In this case, public feedback made all the difference and now big changes are in store.
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When BART revealed last week that many of the cameras in its train cars were decoys, riders couldn't believe it.
"The fact is that the taxpayers are paying all this money. It's a common sense question... wouldn't you think these things actually work?" BART rider Paul Lipscomb said.
However, BART defended the decoys as crime deterrents, but now it's taking public sentiment to heart.
"We hear loud and clear from the public they are unhappy that we were using decoys and so today we are announcing that we are committed to as quickly as possible, buying and outfitting every single train car with a working camera," BART spokesperson Alicia Trost said.
The decoys came to light last week, after BART was unable to provide video evidence of the Jan. 9 fatal shooting inside a Pittsburg-Bay Point train. Images of the suspect came from station cameras instead. As for the new cameras, they'll likely record video to be viewed later, not in real-time. But riders say that's good enough for them.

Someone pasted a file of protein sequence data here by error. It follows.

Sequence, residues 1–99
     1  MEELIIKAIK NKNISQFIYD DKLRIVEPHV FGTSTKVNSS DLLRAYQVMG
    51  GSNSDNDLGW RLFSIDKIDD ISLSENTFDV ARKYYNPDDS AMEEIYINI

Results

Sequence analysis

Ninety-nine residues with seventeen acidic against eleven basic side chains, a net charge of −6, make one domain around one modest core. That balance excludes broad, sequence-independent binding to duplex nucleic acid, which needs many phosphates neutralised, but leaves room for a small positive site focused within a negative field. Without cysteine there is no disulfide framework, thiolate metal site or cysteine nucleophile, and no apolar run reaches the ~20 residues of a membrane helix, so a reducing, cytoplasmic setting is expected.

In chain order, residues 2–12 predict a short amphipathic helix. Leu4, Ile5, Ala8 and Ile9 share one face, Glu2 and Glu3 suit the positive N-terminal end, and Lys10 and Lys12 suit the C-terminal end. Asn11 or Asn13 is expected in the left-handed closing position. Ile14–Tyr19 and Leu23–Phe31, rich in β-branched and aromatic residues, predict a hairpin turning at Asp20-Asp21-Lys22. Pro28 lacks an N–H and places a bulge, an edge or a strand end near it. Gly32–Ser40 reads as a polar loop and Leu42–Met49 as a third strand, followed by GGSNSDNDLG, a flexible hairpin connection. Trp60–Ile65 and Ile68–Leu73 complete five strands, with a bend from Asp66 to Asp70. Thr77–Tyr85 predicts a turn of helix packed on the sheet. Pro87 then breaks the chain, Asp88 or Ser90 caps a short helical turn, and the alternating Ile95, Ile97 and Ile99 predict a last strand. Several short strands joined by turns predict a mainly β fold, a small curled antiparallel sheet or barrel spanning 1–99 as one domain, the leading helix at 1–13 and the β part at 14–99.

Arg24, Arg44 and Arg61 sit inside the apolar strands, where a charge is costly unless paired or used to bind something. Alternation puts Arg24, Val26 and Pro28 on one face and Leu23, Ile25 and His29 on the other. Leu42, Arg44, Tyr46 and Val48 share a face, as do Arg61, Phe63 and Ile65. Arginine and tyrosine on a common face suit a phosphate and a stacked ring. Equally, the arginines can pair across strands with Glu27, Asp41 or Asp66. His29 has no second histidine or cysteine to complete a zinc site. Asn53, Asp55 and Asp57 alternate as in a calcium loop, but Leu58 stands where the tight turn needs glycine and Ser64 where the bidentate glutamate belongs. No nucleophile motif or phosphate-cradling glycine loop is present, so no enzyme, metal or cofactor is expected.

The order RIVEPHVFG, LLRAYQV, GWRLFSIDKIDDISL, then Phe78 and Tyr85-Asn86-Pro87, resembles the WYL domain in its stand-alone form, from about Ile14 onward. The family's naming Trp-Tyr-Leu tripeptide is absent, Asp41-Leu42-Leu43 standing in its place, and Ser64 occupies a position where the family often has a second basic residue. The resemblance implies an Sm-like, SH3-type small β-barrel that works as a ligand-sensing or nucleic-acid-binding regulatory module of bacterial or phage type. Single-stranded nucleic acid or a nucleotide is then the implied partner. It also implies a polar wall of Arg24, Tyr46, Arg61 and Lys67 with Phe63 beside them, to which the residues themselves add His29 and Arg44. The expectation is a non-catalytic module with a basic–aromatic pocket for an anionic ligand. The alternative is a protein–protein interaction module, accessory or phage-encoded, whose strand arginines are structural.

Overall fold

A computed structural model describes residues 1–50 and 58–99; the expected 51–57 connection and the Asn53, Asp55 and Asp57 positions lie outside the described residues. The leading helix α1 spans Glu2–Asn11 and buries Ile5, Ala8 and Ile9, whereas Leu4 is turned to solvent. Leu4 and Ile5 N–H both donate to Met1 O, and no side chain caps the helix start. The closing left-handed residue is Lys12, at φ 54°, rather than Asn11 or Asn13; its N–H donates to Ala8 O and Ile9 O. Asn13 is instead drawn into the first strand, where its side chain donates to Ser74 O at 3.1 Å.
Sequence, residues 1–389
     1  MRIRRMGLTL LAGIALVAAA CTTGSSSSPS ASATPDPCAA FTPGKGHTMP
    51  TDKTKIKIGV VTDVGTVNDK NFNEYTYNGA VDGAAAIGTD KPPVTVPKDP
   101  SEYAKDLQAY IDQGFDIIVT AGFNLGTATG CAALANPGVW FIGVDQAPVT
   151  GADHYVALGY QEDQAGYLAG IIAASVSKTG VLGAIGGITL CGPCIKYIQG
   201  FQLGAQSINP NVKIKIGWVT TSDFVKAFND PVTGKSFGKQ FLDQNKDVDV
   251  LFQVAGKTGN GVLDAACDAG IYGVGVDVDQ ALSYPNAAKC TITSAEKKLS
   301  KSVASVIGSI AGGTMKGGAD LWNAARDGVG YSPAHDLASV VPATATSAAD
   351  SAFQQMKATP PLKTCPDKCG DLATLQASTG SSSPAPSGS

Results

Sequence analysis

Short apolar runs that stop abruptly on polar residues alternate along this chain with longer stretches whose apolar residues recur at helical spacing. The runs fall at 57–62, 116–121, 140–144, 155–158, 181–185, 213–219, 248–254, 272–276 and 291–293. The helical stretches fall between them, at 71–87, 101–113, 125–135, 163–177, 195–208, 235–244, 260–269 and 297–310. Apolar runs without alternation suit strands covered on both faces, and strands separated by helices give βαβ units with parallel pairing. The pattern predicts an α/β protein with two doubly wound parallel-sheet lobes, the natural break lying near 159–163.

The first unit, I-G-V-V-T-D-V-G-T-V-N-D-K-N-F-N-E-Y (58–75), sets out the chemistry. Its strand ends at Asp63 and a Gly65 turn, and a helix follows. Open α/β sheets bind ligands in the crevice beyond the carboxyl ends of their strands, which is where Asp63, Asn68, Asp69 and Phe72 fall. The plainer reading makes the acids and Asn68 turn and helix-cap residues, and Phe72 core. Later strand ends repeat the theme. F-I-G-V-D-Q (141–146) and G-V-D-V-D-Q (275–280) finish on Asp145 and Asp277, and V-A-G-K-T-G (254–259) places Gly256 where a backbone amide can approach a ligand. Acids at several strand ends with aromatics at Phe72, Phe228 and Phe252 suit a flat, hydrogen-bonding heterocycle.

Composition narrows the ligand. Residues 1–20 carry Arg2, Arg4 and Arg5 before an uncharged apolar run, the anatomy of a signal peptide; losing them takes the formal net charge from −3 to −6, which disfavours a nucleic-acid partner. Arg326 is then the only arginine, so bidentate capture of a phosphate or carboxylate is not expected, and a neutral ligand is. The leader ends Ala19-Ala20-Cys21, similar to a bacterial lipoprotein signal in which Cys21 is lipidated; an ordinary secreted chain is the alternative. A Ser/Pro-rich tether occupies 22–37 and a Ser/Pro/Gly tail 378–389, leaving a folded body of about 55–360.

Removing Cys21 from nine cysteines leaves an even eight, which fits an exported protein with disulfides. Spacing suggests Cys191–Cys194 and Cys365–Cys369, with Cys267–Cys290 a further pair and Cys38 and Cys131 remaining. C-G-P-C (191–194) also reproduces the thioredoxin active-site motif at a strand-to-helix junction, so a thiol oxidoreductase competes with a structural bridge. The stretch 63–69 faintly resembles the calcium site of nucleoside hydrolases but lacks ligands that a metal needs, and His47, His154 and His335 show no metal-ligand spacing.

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"You need to have the video to solve a serious crime, so I think for that purpose, it will be helpful," BART rider George Chikovani said.
"I think as long as it's coming at a low cost and on-budget for what BART is expecting to spend, I can't see a downside to it," BART rider Scott Strand said.
Other details still need to be worked out including the cost, the funding and how long it will take to replace the cameras.
The train cameras were first installed in the late 1990s to combat graffiti.
Trost said the safety of riders and employees is BART's top priority. She said, "BART is a very safe mode of transportation with a robust surveillance system with cameras located in train cars, on platforms, in stations, and even our police officers wear cameras."